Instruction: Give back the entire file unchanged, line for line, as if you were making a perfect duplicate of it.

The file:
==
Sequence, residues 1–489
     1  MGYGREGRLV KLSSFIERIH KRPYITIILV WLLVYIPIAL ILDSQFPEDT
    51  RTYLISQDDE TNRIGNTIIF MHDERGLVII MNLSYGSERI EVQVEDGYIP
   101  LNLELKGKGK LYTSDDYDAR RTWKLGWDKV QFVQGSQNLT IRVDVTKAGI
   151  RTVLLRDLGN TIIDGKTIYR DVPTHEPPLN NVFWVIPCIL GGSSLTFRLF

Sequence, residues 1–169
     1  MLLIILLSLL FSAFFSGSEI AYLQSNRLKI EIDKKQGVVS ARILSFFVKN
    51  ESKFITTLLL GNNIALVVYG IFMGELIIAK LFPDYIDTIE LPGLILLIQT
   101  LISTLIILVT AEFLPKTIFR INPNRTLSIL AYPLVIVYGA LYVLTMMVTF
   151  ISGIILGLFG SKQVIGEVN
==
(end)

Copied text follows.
Sequence, residues 1–489
     1  MGYGREGRLV KLSSFIERIH KRPYITIILV WLLVYIPIAL ILDSQFPEDT
    51  RTYLISQDDE TNRIGNTIIF MHDERGLVII MNLSYGSERI EVQVEDGYIP
   101  LNLELKGKGK LYTSDDYDAR RTWKLGWDKV QFVQGSQNLT IRVDVTKAGI
   151  RTVLLRDLGN TIIDGKTIYR DVPTHEPPLN NVFWVIPCIL GGSSLTFRLF

Sequence, residues 1–169
     1  MLLIILLSLL FSAFFSGSEI AYLQSNRLKI EIDKKQGVVS ARILSFFVKN
    51  ESKFITTLLL GNNIALVVYG IFMGELIIAK LFPDYIDTIE LPGLILLIQT
   101  LISTLIILVT AEFLPKTIFR INPNRTLSIL AYPLVIVYGA LYVLTMMVTF
   151  ISGIILGLFG SKQVIGEVN